Green infrastructure : water, people, place : Louisville, Kentucky

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dc.contributor.advisor Spangler, Ronald L.
dc.contributor.author Alexander, Ryan J. en_US
dc.date.accessioned 2011-06-03T20:08:18Z
dc.date.available 2011-06-03T20:08:18Z
dc.date.created 2008 en_US
dc.date.issued 2008
dc.identifier COMPUTER DISK C1980 en_US
dc.identifier.uri http://cardinalscholar.bsu.edu/handle/handle/189206
dc.description.abstract There is a growing interest among cities and civil entities in the field of sustainable design. As more projects are undertaken the benefits and potential applications are becoming more apparent. One area where great strides have been taken is in Green Infrastructure or green street design. As defined by the Committee on Science and Technologies, House of Representatives, green infrastructure is the incorporation into the transportation infrastructure of technologies that help absorb and filter excess runoff, rather than funneling it into sewer pipes. Several pilot studies in Seattle, WA and Portland, OR have found that these systems can be very successful in reducing the amount of runoff that enters sewers and filtering it naturally. These pilot studies have led to additional projects in those cities. The site is located in the downtown area of Louisville, Kentucky. The site is bordered by neighborhoods to the west, south, and east, and the Ohio River to the north. Two major interstates run along the downtown area, I-64 and I-65. The site is typical of most downtown areas, the streets are mostly one-way and laid on a north-south, eastwest grid. The research for this project consists of a literature review of green infrastructure and sustainable landscape design to determine general design guidelines. Case studies of successful projects in the Pacific Northwest were used to understand the principals of green infrastructure systems and how they have been applied. In the second part of the project GIS data was used to create a site inventory and that inventory was then analyzed to determine the best locations for green street implementation and the locations of “stormwater parks” and green plazas. The project creates a system of interconnected green streets that provide a more natural method to deal with runoff, and a more pedestrian friendly environment.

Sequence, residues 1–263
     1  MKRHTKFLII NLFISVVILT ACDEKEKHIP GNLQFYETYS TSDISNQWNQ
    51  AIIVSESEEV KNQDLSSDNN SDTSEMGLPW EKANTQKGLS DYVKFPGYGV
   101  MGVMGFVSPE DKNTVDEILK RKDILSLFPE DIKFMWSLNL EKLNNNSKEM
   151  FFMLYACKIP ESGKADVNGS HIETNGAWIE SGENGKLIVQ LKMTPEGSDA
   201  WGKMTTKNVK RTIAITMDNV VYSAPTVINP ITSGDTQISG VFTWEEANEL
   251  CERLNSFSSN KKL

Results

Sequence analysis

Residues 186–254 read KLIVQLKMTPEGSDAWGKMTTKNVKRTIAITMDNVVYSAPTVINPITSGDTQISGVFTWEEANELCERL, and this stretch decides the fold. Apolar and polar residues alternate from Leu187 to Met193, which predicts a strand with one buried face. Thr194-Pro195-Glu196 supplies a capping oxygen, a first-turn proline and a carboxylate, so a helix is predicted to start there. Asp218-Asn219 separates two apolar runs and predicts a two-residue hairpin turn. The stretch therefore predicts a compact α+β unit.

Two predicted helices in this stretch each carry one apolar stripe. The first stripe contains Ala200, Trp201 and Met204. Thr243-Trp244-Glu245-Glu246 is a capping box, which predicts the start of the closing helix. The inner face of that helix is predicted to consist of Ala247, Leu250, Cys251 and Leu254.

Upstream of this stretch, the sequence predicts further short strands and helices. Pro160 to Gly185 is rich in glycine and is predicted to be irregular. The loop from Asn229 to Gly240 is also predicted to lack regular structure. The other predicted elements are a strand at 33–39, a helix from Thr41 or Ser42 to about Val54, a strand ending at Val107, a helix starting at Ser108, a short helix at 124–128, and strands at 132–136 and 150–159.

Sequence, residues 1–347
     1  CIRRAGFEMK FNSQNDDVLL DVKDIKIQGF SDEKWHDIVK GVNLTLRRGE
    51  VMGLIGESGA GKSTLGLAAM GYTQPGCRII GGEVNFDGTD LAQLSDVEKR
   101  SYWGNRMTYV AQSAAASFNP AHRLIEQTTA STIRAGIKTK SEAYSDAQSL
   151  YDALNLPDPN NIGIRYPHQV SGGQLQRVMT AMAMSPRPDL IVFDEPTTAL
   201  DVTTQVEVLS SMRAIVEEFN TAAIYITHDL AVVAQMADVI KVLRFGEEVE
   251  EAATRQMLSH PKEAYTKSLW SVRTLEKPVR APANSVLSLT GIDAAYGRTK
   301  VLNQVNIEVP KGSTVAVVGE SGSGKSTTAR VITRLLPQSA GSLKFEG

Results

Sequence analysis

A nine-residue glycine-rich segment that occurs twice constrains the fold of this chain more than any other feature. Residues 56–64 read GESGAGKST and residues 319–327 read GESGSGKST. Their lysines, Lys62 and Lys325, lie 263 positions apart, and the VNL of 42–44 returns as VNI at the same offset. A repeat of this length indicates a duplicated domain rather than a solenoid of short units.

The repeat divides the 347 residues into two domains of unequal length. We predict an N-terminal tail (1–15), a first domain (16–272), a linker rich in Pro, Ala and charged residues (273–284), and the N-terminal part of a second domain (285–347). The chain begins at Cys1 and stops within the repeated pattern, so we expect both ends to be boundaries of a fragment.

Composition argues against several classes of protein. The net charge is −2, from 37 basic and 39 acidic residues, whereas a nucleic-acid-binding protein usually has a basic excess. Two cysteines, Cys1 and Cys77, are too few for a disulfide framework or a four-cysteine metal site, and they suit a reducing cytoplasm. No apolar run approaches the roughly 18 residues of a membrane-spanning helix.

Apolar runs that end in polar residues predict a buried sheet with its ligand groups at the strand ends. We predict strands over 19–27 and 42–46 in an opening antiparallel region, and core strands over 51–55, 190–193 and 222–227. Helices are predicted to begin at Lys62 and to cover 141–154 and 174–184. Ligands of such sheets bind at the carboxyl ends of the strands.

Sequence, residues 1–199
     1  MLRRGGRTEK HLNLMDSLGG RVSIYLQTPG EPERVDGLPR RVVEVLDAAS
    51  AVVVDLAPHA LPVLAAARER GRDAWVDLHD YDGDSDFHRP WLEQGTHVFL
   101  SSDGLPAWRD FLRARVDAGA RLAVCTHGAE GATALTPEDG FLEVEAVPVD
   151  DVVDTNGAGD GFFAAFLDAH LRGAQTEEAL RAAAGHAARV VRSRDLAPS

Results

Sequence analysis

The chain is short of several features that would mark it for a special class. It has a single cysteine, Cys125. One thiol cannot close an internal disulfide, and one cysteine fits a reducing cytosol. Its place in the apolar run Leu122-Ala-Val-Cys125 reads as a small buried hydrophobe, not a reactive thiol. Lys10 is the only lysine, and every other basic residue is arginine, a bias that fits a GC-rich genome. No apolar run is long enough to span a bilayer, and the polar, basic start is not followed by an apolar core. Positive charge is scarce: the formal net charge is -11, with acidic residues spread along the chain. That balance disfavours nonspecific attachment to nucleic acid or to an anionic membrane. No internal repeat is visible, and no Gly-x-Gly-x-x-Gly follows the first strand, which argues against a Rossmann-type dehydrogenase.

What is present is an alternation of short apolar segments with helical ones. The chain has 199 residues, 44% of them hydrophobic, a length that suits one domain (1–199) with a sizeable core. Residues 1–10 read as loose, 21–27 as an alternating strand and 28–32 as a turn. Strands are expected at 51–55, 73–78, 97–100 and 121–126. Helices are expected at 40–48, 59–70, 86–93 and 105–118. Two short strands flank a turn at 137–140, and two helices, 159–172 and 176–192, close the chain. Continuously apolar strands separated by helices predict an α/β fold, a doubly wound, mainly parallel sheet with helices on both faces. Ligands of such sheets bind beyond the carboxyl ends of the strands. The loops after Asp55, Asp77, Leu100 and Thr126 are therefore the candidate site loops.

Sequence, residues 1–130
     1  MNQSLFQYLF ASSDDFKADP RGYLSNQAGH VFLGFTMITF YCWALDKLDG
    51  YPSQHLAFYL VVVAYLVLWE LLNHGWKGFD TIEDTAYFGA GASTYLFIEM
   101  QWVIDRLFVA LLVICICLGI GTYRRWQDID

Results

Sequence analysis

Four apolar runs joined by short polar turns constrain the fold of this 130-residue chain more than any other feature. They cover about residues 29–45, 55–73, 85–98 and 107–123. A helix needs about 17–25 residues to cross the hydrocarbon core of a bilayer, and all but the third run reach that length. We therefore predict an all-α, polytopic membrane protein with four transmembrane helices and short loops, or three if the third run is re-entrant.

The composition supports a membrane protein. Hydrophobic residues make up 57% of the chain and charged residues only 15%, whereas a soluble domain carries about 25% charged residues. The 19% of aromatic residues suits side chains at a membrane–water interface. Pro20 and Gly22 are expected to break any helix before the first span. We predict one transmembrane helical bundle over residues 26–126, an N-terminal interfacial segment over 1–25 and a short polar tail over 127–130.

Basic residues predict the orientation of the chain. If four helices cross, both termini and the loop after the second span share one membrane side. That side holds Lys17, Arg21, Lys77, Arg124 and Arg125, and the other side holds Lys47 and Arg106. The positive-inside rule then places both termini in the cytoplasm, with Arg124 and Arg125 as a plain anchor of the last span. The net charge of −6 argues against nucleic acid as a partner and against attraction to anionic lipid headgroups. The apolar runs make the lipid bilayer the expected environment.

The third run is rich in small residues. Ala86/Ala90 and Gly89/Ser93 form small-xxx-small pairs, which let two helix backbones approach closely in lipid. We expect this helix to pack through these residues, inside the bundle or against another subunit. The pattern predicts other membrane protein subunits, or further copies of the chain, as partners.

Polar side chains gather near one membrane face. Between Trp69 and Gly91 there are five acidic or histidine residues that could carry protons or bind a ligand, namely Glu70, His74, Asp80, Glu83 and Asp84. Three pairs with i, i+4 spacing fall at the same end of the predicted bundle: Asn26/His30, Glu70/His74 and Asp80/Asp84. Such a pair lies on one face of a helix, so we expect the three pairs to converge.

dc.description.sponsorship College of Architecture and Planning
dc.format.extent 1 CD-ROM. en_US
dc.source Virtual Press en_US
dc.subject.lcsh Landscape architecture. en_US
dc.title Green infrastructure : water, people, place : Louisville, Kentucky en_US
dc.type Undergraduate 5th year College of Architecture and Planning thesis.
dc.description.notes Title from signature sheet: Water, people, place : green infrastructure : downtown Louisville.
dc.description.degree Thesis (B.L.A.)
dc.identifier.cardcat-url http://liblink.bsu.edu/catkey/1389944 en_US


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